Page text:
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AGL and Superannuation Fund Activism

Amante Abela

DISCLAIMER: The AGL Energy demerger was reported to be abandoned on 30 May 2022

While Atlassian co-founder and CEO billionaire Mike Cannon-Brookes’ recent 11.28 per cent stake in Australian energy giant AGL threatens to disrupt the company’s planned demerger, the response of superannuation fund giant HESTA may prove more decisive.

As of February 2021, AGL was Australia’s highest greenhouse gas emitter with 42.2 million tonnes of scope 1 greenhouse gas emissions, more than double the next largest emitter and responsible for almost 13 per cent of all reported scope 1 emissions. Further, 85 percent of energy generated by AGL arises from the burning of coal.  ‘Two out of three of AGL’s coal-burning power stations are set to close well beyond what scientists are calling for in order to prevent further catastrophic climate change. In order to protect Australians from the worsening impacts of climate change, all of AGL’s coal-burning power stations need to close by 2030 at the latest and be replaced by clean and safe renewable energy,’ Greenpeace Australia Pacific campaigner Glenn Walker said when the Clean Energy Regulator’s National Greenhouse and Energy Reporting (NGER) data was released.

In June 2021, AGL announced its plan to split into AGL Australia, an energy retailer, and Accel Energy, a coal-fired power generator. In March 2022 Cannon-Brookes attempted a $5.4 billion joint takeover bid of AGL, pursuing an acceleration of the shutdown of its coal-fired power plants. After the failure of this action, the private investment company of Mike Cannon-Brookes amassed an 11.3 per cent stake in AGL in May. Cannon-Brookes believes the demerger would create “two weaker, interdependent entities that are more costly to run”. However, AGL’s board maintains the demerger is in the best interest of shareholders, with the proposal set to be voted on next month.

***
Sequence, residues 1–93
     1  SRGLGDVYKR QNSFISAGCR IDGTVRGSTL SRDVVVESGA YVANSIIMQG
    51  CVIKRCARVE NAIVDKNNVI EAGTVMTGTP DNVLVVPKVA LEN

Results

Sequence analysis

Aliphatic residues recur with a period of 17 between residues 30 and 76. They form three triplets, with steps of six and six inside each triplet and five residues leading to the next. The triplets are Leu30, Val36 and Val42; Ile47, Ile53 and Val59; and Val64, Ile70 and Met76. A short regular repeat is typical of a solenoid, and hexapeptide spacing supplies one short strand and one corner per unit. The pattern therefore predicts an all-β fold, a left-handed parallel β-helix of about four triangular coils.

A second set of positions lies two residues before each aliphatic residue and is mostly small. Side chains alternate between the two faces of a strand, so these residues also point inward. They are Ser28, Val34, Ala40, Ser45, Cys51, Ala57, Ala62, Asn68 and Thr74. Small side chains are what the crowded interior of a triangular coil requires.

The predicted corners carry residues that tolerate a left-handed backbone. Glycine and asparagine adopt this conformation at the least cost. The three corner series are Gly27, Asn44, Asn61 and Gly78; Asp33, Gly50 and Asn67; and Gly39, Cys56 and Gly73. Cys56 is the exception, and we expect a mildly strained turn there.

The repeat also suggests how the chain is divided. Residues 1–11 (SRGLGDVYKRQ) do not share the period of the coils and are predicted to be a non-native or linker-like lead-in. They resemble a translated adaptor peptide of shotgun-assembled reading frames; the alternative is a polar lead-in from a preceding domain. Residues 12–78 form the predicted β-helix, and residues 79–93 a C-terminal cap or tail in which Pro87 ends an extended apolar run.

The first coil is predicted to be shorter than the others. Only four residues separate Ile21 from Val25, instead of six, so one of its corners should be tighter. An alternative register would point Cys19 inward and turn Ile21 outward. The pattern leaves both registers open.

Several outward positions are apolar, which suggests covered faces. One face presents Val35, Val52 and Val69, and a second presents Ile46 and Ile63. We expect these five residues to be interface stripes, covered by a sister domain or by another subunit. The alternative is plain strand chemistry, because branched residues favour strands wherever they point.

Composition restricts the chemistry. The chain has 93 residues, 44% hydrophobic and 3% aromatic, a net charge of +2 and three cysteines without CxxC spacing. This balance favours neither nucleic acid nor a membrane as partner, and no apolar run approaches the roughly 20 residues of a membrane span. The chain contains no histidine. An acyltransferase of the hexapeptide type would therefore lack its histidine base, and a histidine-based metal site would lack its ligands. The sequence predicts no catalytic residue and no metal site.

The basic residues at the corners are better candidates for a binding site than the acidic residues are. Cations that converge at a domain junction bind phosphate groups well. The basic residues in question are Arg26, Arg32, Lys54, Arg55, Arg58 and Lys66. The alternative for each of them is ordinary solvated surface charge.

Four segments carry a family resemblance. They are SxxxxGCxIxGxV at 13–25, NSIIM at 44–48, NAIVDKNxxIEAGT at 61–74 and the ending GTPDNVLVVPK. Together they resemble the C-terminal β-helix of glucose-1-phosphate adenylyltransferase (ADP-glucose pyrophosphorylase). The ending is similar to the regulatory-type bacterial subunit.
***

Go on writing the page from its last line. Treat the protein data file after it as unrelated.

More recently, superannuation fund giant HESTA, which has $68 billion in funds under management, declared it would also vote against the proposed demerger affirming that supporting the decarbonisation of the economy is in the interest of shareholders. ‘We cannot simply divest away from the risk of Australia being slow to transition to a low-carbon future. Responsible investors have a responsibility to their members to go to where the biggest emissions are and as owners try and first change the behaviour of these companies’, HESTA CEO Debby Blakey said.

The question all parties claim to know the answer to is at the centre of the David and Goliath battle: What is in the best interest of shareholders? Previously, the favoured response among institutional investors determined to reduce their carbon emissions was to do the “Wall Street Walk”, that is, to divest. In fact, many superannuation funds have already done just that in the case of AGL.

While it is true that super funds are under pressure to reduce their carbon emission exposure, as increasingly powerful financial institutions, they need to act with the view of maximising the retirement benefits to their members. Notably, all regulated superannuation funds must comply with the ‘sole purpose test’ to ensure that fund managers make decisions in the best interests of their fund’s members. In many respects, they need to act in the interests of shareholders as shareholders. As the events of the planned AGL demerger show however, ‘long-term shareholder value’ can be elusive and muddy. As such, super funds must be mindful of only prioritising environmental, social and governance issues  where they threaten the interests of shareholders.

Although last year Engine No. 1 overturning three of Exxon Mobil’s board seats was more powerful in stoking change than sending a message through divestment, the issue is murkier when balancing the retiree’s financial interests against ESG concerns. The sophisticated investor willing to put money into a tiny activist hedge fund is not the same as the average working Australian who is passively contributing to super. With AGL shares down almost 70 per cent since 2017, suffering shareholders will be the ultimate deciders of the company’s fate when the proposed demerger goes before a vote on June 15.

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